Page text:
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This man says moving to Canada was the ‘toughest experience ever’ with no credit history. So he created an app

Nigerian-born Kingsley Madu found it exceptionally difficult to get set up financially after he moved to Canada in 2019. It was the motivation for him to develop a banking app to help ease some of the financial barriers faced by newcomers.

Expedier helps new immigrants build and establish credit, access funds from overseas

Close-up portrait of a man standing in the middle of the street.

Having lived in more than a dozen countries for work, Nigerian-born Kingsley Madu was familiar with the process of starting over in a new country, but nothing prepared him for what he had to deal with when he immigrated to Canada in 2019.

"It was the toughest experience ever," Madu told CBC News.

From the moment Madu and his family landed at Toronto's Pearson International Airport, he was faced with financial struggles. While he had money, he didn't have any credit.

Now, the Kitchener, Ont., resident is helping others by creating the first BIPOC-focused digital banking app in Canada for newcomers with no Canadian credit history. It will help them rent cars, hotel rooms, homes and apartments while building credit.

"We come from regions of the world where there isn't credit history, but the banking system [in Canada] is asking to see that, and so that is the barrier that does not allow us to gain access to the banking system, to phones, to everything."

Difficult start

When their plane landed in Canada, Madu said, he couldn't even book an Uber to drive his family and their luggage to a hotel because he didn't have a Canadian credit card. Madu ended up paying cash for a limousine.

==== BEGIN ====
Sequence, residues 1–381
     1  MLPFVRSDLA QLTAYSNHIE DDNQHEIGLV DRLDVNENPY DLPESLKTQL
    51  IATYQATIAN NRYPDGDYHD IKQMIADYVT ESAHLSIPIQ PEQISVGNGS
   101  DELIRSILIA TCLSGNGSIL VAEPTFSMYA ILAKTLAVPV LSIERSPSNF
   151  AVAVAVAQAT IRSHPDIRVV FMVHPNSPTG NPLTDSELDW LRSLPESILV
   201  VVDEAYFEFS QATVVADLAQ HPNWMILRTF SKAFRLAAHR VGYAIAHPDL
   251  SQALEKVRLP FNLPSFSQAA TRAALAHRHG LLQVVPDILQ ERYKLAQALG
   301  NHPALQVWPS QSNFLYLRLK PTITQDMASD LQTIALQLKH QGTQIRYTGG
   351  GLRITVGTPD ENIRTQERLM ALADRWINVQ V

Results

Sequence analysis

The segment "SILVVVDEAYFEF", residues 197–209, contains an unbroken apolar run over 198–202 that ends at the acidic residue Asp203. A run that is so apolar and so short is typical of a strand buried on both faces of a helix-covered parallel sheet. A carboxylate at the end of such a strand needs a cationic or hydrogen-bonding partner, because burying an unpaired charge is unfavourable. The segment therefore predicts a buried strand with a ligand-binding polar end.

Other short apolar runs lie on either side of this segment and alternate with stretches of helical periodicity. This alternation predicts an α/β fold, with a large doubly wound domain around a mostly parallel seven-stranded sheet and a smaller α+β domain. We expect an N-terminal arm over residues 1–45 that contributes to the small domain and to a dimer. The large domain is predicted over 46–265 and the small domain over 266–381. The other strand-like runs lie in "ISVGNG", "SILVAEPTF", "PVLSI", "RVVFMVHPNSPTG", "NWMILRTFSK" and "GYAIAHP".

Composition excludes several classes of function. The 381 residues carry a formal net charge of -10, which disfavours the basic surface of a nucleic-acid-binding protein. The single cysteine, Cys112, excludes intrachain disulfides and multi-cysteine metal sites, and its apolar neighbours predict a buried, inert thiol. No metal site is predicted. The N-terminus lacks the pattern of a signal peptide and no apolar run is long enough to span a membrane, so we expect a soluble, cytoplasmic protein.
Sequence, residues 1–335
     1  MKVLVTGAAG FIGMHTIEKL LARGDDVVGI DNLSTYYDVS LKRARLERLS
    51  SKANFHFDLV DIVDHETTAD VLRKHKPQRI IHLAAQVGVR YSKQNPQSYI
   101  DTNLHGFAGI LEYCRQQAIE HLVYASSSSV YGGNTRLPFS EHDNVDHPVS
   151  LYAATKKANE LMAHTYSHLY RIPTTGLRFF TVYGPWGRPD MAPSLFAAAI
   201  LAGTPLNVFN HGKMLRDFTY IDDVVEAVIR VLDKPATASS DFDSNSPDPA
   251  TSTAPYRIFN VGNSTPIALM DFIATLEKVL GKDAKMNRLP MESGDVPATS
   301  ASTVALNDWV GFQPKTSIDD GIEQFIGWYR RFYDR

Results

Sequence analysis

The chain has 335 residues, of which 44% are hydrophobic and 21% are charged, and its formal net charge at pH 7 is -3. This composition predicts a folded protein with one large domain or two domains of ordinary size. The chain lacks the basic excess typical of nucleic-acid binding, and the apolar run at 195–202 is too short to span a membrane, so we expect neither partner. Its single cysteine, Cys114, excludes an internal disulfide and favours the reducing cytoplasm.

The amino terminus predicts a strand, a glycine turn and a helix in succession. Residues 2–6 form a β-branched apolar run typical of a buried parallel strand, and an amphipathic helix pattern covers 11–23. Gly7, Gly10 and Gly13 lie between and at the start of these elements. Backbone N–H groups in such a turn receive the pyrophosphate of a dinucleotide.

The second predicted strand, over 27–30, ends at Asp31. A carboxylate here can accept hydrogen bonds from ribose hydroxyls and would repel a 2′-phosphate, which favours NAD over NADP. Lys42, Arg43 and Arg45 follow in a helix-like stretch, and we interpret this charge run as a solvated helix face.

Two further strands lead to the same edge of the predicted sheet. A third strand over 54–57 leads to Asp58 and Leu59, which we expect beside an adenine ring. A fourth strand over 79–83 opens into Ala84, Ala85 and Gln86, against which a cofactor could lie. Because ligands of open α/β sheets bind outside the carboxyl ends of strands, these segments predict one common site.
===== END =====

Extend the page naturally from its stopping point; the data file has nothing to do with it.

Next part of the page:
After arriving at the hotel, he was told that without a credit card, he would have to pay for three nights in advance in order to book a room for one night.

It was the same reason Madu was unable to rent a car and instead had to "walk kilometres to the house where I was hoping to rent."

When Madu got to the home he was interested in renting, the landlord told him he needed to have at least six months worth of credit history.

"At this point, I'm super frustrated," he recalled.

Not knowing where to acquire a credit history, Madu went to the bank, only to be told he would need a home address in order to open a bank account.

App gains momentum

The shock of that first experience in his new country is what led Madu to start working on Expedier, although getting started on the digital banking app was "tough to say the least."

A pivotal turning point came when Madu secured a deal with the Digital Commerce Bank in Calgary.

"That made it a whole lot easier for us to leverage the existing infrastructure and build out," Madu explained.

As the app gained momentum, Madu brokered an agreement with Equifax that is in its final stages. The partnership will allow Expedier users to establish and build credit, access specialized credit and debit cards and transfer money from other countries into their Expedier accounts.

There are other similar apps, like Mogo, that are available to newcomers to help them manage their finances, but the Equifax deal means Expedier will differ in a major way: by allowing payments like rent and debit card purchases to count toward a person's credit history, a feature currently being worked out through the federal government by way of a formal banking licence.

"The rent is a horrible loss for us," said Madu. "It's a double-edged sword loss. We're losing money, cash. We're not building equity. We're not building credit at the same time."

Typically rent payments aren't automatically reported to credit bureaus. You can however sign up for a rent reporting program, like Front Lobby which is offered through the Landlord Credit Bureau, that requires both the landlord and tenant to be involved in the process.